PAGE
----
It is sad when people go through divorce both financially and emotionally. One thing my clients tend to worry about is whether their soon-to-be ex-spouse will receive any money from them if they die (sorry for the plethora of hyphens in the last sentence). Barring a prenup or post-nuptial agreement to the contrary, Florida trust and estate law has several key operations that need to be addressed during or after a divorce.
Under Florida law, former spouses named in a legal will or trust are treated as if they passed away before you upon a legal divorce judgment. Section 732.507(2), Florida Statutes (2009); Section 736.1105, Florida Statutes (2009). Meaning, if your ex is in your will or trust, then he or she will receive nothing from the will or trust after a judge enters a dissolution of marriage judgment and not upon filing for divorce, you moving out of the marital home, or there is a separation.
Because most people leave everything to their spouse, most estate plans will require a review at the beginning of divorce proceedings. Keep reading because there are more scenarios to consider, which will require you to revise your estate planning unless you want ex-spouse to indirectly inherit from you or benefit from your estate planning.
1) Review life insurance, annuity, and retirement plan beneficiary designations – Florida law does not automatically change beneficiary designations in life insurance, annuity, and retirement plans upon divorce. The survivorship benefits are contractual and not an operation of Florida estate and trust law. Thus, you will need to contact the companies that manage your post death survivorship products.
2) Parents can inherit from children under Florida intestate laws – Florida intestate law determines how someone’s property will be distributed upon death if that person dies without a valid legal will. If you die without a will or with a will with bequests to your children, then your children will own your property upon your death. If one of your children receiving your property dies without a will and without children, then your former spouse will get your property. You will want a simple trust in place to avoid this issue.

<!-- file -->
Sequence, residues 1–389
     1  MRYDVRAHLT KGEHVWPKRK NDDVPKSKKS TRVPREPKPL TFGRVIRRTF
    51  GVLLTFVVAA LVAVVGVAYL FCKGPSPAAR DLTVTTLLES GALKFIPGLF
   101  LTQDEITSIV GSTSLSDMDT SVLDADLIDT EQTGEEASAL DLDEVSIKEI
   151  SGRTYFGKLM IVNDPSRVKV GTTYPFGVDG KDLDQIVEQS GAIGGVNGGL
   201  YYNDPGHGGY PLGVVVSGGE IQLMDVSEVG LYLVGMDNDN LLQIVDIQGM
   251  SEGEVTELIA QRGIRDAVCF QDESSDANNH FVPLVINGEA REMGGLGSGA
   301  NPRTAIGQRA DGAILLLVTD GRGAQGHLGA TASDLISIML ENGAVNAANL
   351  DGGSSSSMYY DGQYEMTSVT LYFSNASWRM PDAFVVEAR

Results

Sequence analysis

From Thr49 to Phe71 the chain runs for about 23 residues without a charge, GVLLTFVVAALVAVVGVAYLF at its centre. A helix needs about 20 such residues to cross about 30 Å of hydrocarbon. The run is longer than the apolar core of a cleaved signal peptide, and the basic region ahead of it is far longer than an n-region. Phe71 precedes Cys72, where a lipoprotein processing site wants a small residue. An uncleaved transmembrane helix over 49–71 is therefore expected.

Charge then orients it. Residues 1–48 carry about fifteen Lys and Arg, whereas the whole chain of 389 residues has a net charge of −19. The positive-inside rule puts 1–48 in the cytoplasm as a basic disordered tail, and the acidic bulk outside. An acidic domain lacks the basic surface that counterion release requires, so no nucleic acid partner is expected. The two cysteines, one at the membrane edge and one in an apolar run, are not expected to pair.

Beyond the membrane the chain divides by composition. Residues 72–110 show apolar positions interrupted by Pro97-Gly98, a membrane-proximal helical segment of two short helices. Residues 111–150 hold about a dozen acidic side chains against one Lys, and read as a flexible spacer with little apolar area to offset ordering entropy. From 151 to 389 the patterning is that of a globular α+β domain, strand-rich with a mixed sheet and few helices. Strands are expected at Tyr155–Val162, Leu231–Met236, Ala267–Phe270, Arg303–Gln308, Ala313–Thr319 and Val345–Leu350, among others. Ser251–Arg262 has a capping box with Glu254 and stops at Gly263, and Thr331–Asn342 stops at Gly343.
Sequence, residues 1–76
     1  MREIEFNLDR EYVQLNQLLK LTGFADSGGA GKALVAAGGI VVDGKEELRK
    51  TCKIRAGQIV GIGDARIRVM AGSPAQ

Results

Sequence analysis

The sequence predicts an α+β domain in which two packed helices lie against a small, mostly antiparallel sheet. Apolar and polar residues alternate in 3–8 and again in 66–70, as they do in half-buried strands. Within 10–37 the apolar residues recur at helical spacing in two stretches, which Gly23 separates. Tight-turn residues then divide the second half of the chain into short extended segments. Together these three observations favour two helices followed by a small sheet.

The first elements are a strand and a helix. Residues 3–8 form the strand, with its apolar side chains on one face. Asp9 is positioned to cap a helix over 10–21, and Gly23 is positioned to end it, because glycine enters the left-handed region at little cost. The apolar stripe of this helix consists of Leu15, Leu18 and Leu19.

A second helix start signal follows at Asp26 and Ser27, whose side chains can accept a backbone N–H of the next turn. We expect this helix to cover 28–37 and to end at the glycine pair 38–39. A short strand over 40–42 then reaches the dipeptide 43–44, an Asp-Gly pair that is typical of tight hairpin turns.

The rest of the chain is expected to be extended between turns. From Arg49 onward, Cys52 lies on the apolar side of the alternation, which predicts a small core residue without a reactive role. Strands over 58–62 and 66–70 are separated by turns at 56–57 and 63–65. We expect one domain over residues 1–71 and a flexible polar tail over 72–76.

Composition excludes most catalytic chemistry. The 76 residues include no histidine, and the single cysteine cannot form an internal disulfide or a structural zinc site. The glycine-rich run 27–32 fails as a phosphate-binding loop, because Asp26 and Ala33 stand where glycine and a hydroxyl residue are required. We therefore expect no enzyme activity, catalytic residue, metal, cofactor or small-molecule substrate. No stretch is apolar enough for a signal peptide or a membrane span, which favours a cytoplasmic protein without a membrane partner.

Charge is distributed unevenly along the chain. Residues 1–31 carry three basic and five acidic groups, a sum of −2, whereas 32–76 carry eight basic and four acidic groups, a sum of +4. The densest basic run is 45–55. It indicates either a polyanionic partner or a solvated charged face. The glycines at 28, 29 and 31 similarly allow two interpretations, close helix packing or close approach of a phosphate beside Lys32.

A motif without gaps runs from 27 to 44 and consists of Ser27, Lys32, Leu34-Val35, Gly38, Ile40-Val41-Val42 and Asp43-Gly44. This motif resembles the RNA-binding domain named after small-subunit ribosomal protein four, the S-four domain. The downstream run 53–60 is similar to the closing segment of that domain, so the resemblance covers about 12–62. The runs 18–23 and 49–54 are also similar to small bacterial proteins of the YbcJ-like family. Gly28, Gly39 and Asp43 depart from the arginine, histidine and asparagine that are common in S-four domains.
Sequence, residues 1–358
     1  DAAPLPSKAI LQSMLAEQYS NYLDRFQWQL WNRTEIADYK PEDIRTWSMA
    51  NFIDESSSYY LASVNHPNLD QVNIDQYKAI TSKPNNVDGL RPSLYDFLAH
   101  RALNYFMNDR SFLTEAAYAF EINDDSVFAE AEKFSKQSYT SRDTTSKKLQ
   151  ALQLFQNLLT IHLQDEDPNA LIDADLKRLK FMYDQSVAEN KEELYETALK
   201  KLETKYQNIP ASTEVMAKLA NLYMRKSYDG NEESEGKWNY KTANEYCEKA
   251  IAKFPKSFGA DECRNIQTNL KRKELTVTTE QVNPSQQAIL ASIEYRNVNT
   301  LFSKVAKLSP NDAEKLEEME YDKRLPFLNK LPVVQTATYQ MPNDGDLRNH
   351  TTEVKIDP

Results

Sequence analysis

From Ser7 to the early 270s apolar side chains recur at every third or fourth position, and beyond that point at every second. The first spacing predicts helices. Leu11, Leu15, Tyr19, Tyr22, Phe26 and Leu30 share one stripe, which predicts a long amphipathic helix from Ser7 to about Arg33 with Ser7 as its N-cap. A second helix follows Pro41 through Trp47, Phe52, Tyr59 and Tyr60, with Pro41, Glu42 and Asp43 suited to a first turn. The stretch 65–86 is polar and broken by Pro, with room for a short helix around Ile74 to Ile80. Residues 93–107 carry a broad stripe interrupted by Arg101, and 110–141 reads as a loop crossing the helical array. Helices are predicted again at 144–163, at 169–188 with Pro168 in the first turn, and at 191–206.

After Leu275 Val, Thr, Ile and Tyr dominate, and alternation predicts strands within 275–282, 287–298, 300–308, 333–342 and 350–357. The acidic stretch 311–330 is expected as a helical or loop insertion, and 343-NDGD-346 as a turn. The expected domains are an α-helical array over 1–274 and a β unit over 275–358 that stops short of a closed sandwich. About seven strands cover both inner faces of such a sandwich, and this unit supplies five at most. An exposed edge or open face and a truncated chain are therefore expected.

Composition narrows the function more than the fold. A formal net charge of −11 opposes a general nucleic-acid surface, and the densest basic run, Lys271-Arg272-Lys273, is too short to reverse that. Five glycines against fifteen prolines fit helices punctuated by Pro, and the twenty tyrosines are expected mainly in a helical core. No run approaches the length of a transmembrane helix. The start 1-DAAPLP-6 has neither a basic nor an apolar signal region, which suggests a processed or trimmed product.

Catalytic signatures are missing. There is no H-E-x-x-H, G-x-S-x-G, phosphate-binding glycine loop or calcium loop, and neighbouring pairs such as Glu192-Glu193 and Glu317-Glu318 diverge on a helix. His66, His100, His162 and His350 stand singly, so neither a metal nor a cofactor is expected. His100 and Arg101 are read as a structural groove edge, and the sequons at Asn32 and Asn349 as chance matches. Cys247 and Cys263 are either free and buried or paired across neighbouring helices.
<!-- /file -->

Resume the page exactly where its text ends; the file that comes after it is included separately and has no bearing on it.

For example, you are recently divorced and have $300,000 in municipal bonds and one 20-year-old son. You die, then your son passes away without a will while still owning the bonds. You get a divorce –> You own $300,000 –> You pass away –> Your 20-year-old son inherits $300,000 –> Your son dies without a will or children –> Your former spouse inherits $300,000 through Florida’s intestate laws. It happens, watch out.
3) Revoke any durable power of attorney appointing your spouse as attorney-in-fact over your personal finance at the first instance of marital separation – A lot of couples appoint their spouse as attorney-in-fact under a durable power of attorney when planning for incapacity. You do not want your spouse to use a durable power of attorney to transfer money or other property into an account that you cannot legally touch – despite serious legal ramifications for power of attorney abuse, this can happen. Destroy the original signed durable power of attorney, notify any banks or investment companies of the revocation, and consider recording a notice of revocation in the public records.
Key lesson: review and revise your estate plan when you or your spouse files for divorce, and change the beneficiary designations on your life insurance, retirement plan, or annuity.